Written January 19, 2016 Everyone knows one thing about Texas, everything is bigger in Texas. I cannot think of anything bigger than Texas High school football. Friday Night Lights. This was my life. You see, my dad is a Texas high school football coach and has been for 35 years. I was born into a lifestyle that is very unique. There is nothing I loved more than being the daughter of a coach. I am the woman I am today because of the father I had. I can never thank him enough for this. Our life wasn’t easy and was not glamorous, but I wouldn’t have had it any other way. All I have ever known is football and going to football games. In fact, I never missed a football game that my dad coached until I went off to college. I remember getting to ride the bus as a little girl with my daddy to games. I wasn’t spending my weekends and summer days playing every day with friends or doing girly things. My Friday nights and Saturday afternoons were spent on a football field and my summer days were spent in a field house. While my dad worked, I would set up a space in the field house as my “office” or my “school room” and live out all my imaginations. The smell of sweat, dirty socks and grass will always provide an odd sense of comfort. Eventually, when I got to high school, I had the joy of cheering my dad on from the sidelines. I loved being a high school cheerleader for my daddy’s teams. Granted, it wasn’t always fun or “cool” having my dad in the same school or having every single coach watching my every move, but having him there were some of my best memories I have from high school. I certainly did not have boyfriends in high school either. I think every single guy was probably too scared to even look my way. The best part has been in recent years. I have had the privilege of going with my own precious family to see Big Da’s football games. The passion in my heart for life and my career was fueled by living as the daughter of a football coach. My dad has always been extremely passionate about coaching. I can think of many games watching his reactions on the sidelines. Many times I was afraid he may have a heart attack from screaming so loudly or getting so excited when his players did something amazing. He left nothing on the field. He has always poured out his heart in everything he has ever done. To some, football and even sports is general is about winning and losing. I learned from my dad that while winning in football is important and fun, winning in life is everything. In life there will be times we lose, but we learn from those losses. We learn that we cannot accomplish true victory in our own strength. Ultimately, we are already winners because through our faith in Jesus Christ, we have won the ultimate championship game and will spend eternity with our Savior in heaven. The rest is just icing on the cake. We can’t take our trophies with us to heaven. Kingdom perspective. ”Lead a life worthy of our calling, for we have been called by God.” (Ephesians 4:1) My dad was called to be a coach. He was a very successful athlete himself, so it was only natural with his God-given athletic ability and leadership skills that he would be a coach. As a coach, he won several state championship games. Those were some of the best days of our lives. He was not called to just to teach young men how to play football or how to win games, although he did both very well. He was called to teach young men how to win the game of life, how to be successful in life and how to be successful young men. There were so many guys that the only honorable man in their life was my dad. I can remember growing up, every Wednesday night, the entire defensive team would be at my house. My mom, sister and I would come home from church to a house full of teenage boys. They were spread out through our little house either playing dominos or cards, watching MTV or in my room playing Nintendo. I would just jump right in and join them. Every Wednesday night, my dad would cook a feast for dinner and invite his defensive players over for a time of fellowship. At the time, I just thought my dad was cool for doing this. Now as an adult, I see that this was so much more. He was the only father figure many of them had. That one meal may have been the only true home cooked meal they had all week and man was it a feast. My parents did not have a lot of money. I never put those pieces together at the time, but what they did every single week was a huge sacrifice financially. It is not cheap to feed 20-30 guys a week, especially on a coach’s salary. They not only sacrificed their money, but they sacrificed their home and their time. My parents showed us that making sacrifices were required in order to serve others. By giving of ourselves, we gained so much more than we would have ever if had just sat on the sidelines and watched. Kingdom perspective. “Love one another: just as I have loved you, you also are to love one another.” (John 13:34) Being a coach’s daughter also taught me to see everyone as equal. It did not matter what color you were, how much money you had or how smart you were. Anyone was welcome in our home. There was no fear of being judged in our house. My father taught us how to live out the gospel. He taught us a person is not defined by their color, educational level or social status. We are all one. We are all sons and daughters of the One who created us all. As an adult in today’s world, I am incredibly thankful for these truths that were instilled in me as a young child. Jesus called us to love one another just as He loved us. My daddy lived this out in an amazing way. He showed us how to love people with all that we have. Kingdom perspective. “God has given me this special ministry of announcing his favor to you.” (Ephesians 3:2) As adults, we all have a job of some sort. We are all called to something. But not all of us consider our job as a ministry. The Lord strategically places us in positions to share the gospel with others. So many of us believe that sharing the gospel means preaching to someone or having a formal bible study. Then we shy away from doing this because we feel inadequate to do so. For me, I learned that sharing the gospel means being Jesus to others. It means loving them, feeding them, helping them without any conditions or reservations. Just like Jesus would have done. My daddy taught me that a job is more than a means to an end and is more than a paycheck. He showed me it is a way of life and more importantly an opportunity to forever change the lives of others. There are many sacrifices involved but when we live out the life God intends for us and use the gifts he alone has given us, our lives matter. Our job is about more than money or fame, but the mark we leave in the lives of others can forever change their path. The world tells us to focus on the things of this world and to satisfy our own souls, but the Lord calls us to so much deeper. My daddy showed me how to live in the world but to not be of the world. I now have the honor of working with children and families affected by heart disease. Just like my daddy, the Lord has given me unique gifts and placed me on a path to have the opportunity to work with this special population. In my line of work, some days we win and some days we lose. But the game is much different. In my job, lives are healed and lives are lost. But, I get to love others like Jesus did. I have the privilege to make a difference in the lives of so many, just like my daddy did. I get to remind others of the truths of the bible and point them to Jesus. My daddy taught me that in giving of myself, I will gain everything. It won’t be easy, but the Lord promises us it will be worth it. Kingdom perspective. “The battle is not yours, but God’s.” (2 Chronicles 20:15) This scripture represents the most important truth I learned from being the daughter of a coach. You see, my daddy taught me that the Lord will fight for me. I can do nothing apart from Him. Six months ago, at the age of 34, I was diagnosed with a very rare form of ovarian cancer. My daddy has always been one of my biggest supporters. Now the tables were turned. It was now my turn. I wasn’t cheering him on from the sidelines, instead I was fighting the game of life. In fact, this was the largest and most terrifying game of my life. It was my daddy’s turn to cheer me on from the sideline. Without evening knowing it, the Lord had already prepared me for this battle in countless ways. It wasn’t always the lessons my parents told my sister and I that made the bigger impact. It was the lessons we learned from watching how they lived out their faith. They showed us how to follow Jesus. Just as the saying goes, actions are louder than words. It was growing up as the daughter of a coach that prepared me in numerous way to fight for my life. It was determination, courage, and most importantly faith that carried me through my journey. I am now cancer free. I have won this particular game. But as my daddy always told me, winning is important but it isn’t everything. We will win some and we will lose some. I will have to fight hard and it will hurt, but just as the Lord promises us in his word, it will be worth it.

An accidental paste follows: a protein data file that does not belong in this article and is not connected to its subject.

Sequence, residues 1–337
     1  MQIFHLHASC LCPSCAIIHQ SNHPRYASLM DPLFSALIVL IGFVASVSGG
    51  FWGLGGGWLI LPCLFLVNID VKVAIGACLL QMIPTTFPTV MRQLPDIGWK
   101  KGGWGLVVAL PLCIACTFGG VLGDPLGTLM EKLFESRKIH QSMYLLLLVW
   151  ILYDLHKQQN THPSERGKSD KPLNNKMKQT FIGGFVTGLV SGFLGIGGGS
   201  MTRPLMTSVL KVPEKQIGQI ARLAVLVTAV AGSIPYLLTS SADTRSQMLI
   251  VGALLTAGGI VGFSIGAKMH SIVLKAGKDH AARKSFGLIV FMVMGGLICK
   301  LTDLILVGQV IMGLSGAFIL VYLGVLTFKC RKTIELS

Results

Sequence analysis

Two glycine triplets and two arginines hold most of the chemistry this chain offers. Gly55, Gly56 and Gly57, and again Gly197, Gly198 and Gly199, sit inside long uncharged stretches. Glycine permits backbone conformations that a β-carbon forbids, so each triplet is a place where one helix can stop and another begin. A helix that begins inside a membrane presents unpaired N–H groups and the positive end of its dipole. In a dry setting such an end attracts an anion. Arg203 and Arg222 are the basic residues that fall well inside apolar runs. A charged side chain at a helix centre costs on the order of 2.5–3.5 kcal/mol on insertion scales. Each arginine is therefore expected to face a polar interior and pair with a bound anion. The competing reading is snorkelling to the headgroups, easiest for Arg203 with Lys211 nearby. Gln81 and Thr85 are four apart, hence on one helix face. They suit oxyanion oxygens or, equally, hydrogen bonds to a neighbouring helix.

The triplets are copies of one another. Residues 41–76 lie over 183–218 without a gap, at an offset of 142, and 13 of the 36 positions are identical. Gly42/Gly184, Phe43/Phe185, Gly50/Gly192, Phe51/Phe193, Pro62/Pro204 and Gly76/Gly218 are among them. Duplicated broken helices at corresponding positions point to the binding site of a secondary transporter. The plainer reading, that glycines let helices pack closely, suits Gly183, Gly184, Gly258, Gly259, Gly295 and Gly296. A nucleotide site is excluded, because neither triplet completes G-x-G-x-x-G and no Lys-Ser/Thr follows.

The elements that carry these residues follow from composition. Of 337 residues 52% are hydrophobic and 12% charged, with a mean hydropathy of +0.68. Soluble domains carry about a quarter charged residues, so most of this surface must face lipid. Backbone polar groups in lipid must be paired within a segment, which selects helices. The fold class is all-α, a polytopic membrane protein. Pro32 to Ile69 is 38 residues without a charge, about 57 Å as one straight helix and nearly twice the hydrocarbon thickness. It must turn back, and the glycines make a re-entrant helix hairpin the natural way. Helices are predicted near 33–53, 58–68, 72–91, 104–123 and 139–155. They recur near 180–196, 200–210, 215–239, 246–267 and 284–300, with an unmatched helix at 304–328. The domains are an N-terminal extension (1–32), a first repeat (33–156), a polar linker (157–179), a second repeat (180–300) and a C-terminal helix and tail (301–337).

Thank you Lord for allowing me to be the daughter of a coach. Thank you Lord for giving my dad the best assistant coach, my mother. I am forever grateful to my coaches for the lessons they taught my sister and I. So many times playing sports, I heard my daddy say “Keep your eye on the ball”. This was true and necessary to being successful in playing sports and winning games. But the most important thing my daddy showed me is to keep my eyes on Jesus. This is the ultimate truth and necessary to winning in life. All for His glory. Jesus, it’s all for you. Holly Tomlin (daughter of David Thomas)